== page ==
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The day was off to a lovely start: I put on my trackydax, uggboots, and my favourite woolen jumper (the one with the holes in it), made a coffee, and then the doorbell rang. There was the postie…with a package that I would soon discover contained the typeset pages for Bodies of Men, courtesy of Hachette Australia.

Holy crap.

After a few days during which I did little more than stare at the pages, on Monday of this week I finally sat down at the desk, picked up a red pen, and got to work.

When I say ‘work’, it seems that I did as much housework as editing. And I’m lousy at housework. But not this week apparently.

The pattern seemed to be: edit paragraph, then dust the sitting room; edit paragraph, then put away the CDs that have been forming into piles; edit paragraph, then dust the stereo; edit paragraph, go buy some firewood and stack it very, very neatly in the shed; edit paragraph, consider vacuuming the rugs (with this chore, ‘consider’ was as far as I got, I’m afraid).

So, it’s been a slow process editing the typeset pages. One reason is the text looks so beautiful that I don’t want to spoil it with my scrawl; another reason is I’m finding it’s taking a lot of mental energy to dive deep into the story (again) and fix the annoying mistakes I’ve made or the sentences that really do need to be better.

Which gets me back to the pattern: fix sentence, then go and clean the fridge.

On Thursday evening I took a break and had dinner with a writer who’s currently working on a novel. One of the things we discussed over the meal was how much we should talk about our fiction before it’s published. I shared some advice I received a few years ago from an eminent Australian novelist who told me (with gusto, I should add), ‘Never talk about your fiction while you’re writing it. This has nothing to do with superstition. If you talk about it while you’re writing it, the energy will go from the telling because you will have already shared the story publicly.’ So my writer friend and I decided that it indeed it was wise not to talk too much about our projects before they were published. Instead we talked about our families.

This enforced creative reticence is at odds with social media: by their nature, digital platforms (a terrible term, methinks) encourage the sharing – and over-sharing – of everything. Of course, it’s rather pleasant, probably healthy, to tell the world a little about how things are going, especially when writing is primarily a solitary task; but, yes, there is wisdom in holding back, especially in terms of the content of this thing I’m writing – and living and breathing – since 2013, although I did give a couple of hints in an earlier post.

What am I trying to say?

That I’m still working on Bodies of Men but the end is in sight – I have to get the edits back to Hachette in a fortnight’s time, even though publication is not until April 2019. Until then, I hope you don’t mind if I remain a little shy (at first my fingers typed ‘shit’) about the actual story of the novel. Perhaps I’m just scared, or feeling vulnerable? That wouldn’t be a bad thing. Maybe.

As ever, thanks so very much for all your interest and support. Many of the readers of this blog/website thing-o have been incredibly encouraging over the years, offering warm thoughts and reflections, silent little whisperings saying, Just keep going.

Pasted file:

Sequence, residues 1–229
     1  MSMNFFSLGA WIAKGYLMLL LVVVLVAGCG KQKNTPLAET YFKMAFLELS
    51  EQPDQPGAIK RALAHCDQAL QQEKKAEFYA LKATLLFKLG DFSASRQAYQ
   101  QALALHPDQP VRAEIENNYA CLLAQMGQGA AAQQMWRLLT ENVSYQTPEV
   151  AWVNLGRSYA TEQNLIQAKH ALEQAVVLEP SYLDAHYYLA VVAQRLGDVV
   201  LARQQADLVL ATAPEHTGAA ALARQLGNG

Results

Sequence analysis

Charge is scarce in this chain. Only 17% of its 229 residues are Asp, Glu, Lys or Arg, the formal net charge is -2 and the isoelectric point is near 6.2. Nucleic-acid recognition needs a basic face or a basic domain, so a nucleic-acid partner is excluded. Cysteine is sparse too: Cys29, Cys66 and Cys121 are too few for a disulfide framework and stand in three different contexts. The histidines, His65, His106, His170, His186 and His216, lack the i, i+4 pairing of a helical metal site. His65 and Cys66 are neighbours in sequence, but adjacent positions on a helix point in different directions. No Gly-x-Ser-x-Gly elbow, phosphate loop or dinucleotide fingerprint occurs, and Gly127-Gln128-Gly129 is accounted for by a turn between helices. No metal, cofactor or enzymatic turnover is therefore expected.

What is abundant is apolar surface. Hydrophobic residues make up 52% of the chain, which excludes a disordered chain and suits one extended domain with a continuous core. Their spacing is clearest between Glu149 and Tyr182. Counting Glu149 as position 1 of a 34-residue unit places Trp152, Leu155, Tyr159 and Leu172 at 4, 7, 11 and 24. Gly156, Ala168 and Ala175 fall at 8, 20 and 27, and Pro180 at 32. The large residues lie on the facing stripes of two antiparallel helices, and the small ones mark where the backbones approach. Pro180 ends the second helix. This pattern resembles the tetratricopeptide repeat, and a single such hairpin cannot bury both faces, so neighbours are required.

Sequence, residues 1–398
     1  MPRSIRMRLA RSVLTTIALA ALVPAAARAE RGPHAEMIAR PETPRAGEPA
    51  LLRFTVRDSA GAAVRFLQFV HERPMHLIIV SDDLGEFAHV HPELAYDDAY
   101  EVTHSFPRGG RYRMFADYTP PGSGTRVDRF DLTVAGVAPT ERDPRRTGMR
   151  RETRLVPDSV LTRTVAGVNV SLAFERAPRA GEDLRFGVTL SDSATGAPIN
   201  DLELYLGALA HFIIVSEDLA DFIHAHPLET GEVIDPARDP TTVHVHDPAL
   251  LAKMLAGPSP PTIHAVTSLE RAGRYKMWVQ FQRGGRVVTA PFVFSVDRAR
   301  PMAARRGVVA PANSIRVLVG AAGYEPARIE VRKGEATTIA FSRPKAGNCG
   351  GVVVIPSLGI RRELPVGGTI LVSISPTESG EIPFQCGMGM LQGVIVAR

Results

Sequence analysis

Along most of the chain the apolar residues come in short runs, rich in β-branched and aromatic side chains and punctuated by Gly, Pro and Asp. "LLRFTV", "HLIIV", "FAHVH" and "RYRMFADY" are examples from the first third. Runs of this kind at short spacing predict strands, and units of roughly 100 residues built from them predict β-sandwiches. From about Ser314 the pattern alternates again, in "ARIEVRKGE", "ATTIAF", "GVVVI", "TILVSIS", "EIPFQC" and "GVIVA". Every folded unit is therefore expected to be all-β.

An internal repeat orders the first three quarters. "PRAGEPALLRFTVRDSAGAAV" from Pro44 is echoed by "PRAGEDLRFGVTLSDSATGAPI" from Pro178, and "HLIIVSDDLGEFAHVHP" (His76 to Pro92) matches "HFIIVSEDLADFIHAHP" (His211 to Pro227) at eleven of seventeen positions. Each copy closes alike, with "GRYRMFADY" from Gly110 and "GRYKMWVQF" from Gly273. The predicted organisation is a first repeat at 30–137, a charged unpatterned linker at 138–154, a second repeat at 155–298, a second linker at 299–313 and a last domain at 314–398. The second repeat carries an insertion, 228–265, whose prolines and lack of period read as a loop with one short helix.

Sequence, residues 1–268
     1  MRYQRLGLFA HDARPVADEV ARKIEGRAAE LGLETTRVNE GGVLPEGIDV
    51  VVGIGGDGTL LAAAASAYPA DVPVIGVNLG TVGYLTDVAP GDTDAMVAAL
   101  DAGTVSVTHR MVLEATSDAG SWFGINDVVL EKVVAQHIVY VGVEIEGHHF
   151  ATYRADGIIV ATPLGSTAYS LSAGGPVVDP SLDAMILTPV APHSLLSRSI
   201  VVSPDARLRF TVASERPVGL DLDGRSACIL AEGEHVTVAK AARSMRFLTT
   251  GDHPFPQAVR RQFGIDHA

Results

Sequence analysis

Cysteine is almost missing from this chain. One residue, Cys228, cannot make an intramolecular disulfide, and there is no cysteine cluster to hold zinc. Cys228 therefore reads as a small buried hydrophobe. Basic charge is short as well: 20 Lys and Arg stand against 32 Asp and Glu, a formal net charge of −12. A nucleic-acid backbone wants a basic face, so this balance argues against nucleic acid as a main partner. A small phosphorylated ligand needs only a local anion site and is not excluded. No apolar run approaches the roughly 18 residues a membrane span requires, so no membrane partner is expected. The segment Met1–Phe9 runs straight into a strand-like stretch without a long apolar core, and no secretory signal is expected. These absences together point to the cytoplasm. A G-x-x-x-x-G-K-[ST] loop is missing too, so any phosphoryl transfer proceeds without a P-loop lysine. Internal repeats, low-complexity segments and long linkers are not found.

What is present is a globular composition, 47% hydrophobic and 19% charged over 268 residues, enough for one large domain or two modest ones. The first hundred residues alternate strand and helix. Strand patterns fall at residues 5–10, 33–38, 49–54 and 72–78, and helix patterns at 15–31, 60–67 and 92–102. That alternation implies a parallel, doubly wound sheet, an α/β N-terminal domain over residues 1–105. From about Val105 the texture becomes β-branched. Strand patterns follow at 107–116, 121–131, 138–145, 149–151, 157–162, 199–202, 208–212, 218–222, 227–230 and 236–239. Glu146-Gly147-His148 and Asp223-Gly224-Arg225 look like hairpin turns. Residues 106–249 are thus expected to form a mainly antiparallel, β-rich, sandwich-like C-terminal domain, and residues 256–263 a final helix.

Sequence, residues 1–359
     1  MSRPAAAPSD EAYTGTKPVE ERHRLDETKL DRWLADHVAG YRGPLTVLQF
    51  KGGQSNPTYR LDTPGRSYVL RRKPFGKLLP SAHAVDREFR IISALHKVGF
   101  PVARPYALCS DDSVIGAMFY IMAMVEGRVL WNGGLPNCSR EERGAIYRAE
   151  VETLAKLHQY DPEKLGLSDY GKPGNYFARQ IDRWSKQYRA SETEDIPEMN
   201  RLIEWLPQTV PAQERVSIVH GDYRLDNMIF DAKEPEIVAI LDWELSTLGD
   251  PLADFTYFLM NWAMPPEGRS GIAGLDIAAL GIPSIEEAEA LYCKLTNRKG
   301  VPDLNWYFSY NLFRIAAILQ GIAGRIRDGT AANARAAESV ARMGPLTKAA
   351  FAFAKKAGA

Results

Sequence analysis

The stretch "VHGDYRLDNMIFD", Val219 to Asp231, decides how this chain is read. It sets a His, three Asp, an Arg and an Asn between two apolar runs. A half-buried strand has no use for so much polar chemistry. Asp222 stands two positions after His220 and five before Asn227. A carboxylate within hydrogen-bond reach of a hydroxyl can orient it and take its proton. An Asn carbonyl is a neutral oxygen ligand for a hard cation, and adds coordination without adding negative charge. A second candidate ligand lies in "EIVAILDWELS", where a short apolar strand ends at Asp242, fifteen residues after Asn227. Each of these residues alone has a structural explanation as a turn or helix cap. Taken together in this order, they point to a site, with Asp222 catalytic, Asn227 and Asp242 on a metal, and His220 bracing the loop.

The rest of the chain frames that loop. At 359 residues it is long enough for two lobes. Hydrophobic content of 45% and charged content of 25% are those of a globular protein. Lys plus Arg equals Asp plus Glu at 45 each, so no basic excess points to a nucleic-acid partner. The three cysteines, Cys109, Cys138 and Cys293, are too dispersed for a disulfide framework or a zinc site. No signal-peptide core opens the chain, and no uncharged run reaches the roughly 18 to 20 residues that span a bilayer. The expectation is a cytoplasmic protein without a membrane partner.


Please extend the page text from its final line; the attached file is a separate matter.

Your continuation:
So that’s what I’m doing: keeping going.

Best I get back to the edits, then I’ve got a bathroom to clean.

It is, in a way, an act of withdrawal, and I worry about it sometimes.

I am spending more and more time reading and alone. How healthy can that be? But let’s be honest: for a natural hermit, it is very healthy, especially when I am fortunate to have a room dedicated to books—a private library.

Eight years ago, partly due to good luck and partly due to a desire to put literature at the centre of my being, I left Canberra for a town an hour away, in regional New South Wales. Although I would need to continue earning an income, I could, if luck kept smiling on me, live on the smell of an oily rag. My plan was to spend the majority of each week writing, but I have found, thankfully, that I am spending as much time reading—day after day of it, all in the smallest room in my crumbling old cottage.

In the library is a pair of floor-to-ceiling bookshelves that were there when I moved in, as well as an old green Hordern & Sons wood-heater (it is rarely used, because it tends to smoke out the house) and a tartan couch that I bought for $30 from the local Vinnies but is a bit too short for my body. In winter, when the mornings sometimes start with a horrifying minus 10 degrees, I read under two blankets: one, a mix of oranges and reds, was my grandmother’s; the other, which is as green as the wood-heater and the couch, was my mother’s and given to her by a school friend—my mother is now in a nursing home and battling dementia, so the gift came to me earlier this year.

In summer I am sprawled only in black T-shirt and grey shorts, the soles of my feet gritty with dirt because I like to get up every hour or so and hand-water the garden…

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Keep reading over at Meanjin, which commissioned this piece and first published it on 26 September 2018.

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